In C++ (and C) the contents of any allocated data is not guaranteed. In debug configurations some platforms will set this to a known value (e.g. 0xFEFEFEFE) to help identify bugs, but this should not be relied upon.

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  • The value used in debug mode is compiler dependant. And different values usually represent different states. Like Allocated/Deallocated/Not Initialized etc. – Martin York Feb 18 '09 at 23:31
  • To clarify, those tagging values are usually set by the memory management library (operator new(), malloc, and derivatives), not by the compiler creating default constructors. – Euro Micelli Feb 19 '09 at 5:05

Zero-ing out only occurs for globals. So if your object is declared in the global scope, its members will be zero-ed out:

class Blah
    int x;
    int y;

Blah global;

int main(int argc, char **argv) {
    Blah local;
    cout<<global.x<<endl;  // will be 0
    cout<<local.x<<endl;   // will be random
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    It's part of the standard though. Do you know a complaint compiler that doesn't zero out globals? – codelogic Feb 19 '09 at 0:14

C++ does not guarantee zeroing out memory. Java and C# do (in a manner of speaking).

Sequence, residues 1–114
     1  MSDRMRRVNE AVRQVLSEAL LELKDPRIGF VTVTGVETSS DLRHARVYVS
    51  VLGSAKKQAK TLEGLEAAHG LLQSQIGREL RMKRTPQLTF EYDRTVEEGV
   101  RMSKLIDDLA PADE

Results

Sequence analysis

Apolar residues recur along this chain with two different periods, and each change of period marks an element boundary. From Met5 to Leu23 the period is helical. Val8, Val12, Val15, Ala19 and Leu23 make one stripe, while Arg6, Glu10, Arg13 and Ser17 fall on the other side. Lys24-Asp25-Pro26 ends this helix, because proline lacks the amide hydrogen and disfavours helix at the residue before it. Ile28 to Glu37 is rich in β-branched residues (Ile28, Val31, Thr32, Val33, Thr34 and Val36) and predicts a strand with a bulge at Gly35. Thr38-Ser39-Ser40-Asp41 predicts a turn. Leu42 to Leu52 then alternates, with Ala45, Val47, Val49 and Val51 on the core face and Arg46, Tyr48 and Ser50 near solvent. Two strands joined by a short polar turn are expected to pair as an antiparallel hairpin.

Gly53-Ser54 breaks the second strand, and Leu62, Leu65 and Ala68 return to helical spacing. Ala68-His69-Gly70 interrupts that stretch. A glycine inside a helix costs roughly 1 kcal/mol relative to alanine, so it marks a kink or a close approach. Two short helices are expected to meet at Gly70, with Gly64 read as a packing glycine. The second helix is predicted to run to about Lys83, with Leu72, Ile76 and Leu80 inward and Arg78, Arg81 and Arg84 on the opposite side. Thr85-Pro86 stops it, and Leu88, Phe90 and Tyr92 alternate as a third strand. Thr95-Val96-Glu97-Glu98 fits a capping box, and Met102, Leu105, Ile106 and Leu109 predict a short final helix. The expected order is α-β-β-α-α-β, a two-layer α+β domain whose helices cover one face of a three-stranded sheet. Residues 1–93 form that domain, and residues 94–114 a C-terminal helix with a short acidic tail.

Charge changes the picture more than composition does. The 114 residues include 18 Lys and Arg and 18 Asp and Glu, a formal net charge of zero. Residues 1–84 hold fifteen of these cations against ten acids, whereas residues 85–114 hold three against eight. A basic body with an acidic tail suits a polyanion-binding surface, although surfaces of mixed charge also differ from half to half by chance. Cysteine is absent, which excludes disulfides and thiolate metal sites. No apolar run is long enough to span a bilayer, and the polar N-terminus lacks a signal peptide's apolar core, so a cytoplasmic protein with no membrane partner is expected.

Some compilers might, but don't depend on that.

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In C++11, a default constructor generated by the compiler is marked deleted , if :

  • the class has a reference field
  • or a const field without a user-defined default constructor
  • or a field without a default initializer, with a deleted default constructor


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C++ generates a default constructor. If needed (determined at compile time I believe), it will also generate a default copy constructor and a default assignment constructor. I haven't heard anything about guarantees for zeroing memory though.

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The compiler by default will not be generating the default constructor unless the implementation does not require one . So , basically the constructor has to be a non-trivial constructor.

For constructor to be non-trivial constructor, following are the conditions in which any one can suffice:

1) The class has a virtual member function. 2) Class member sub-objects or base classes have non-trivial constructors. 3) A class has virtual inheritance hierarchy.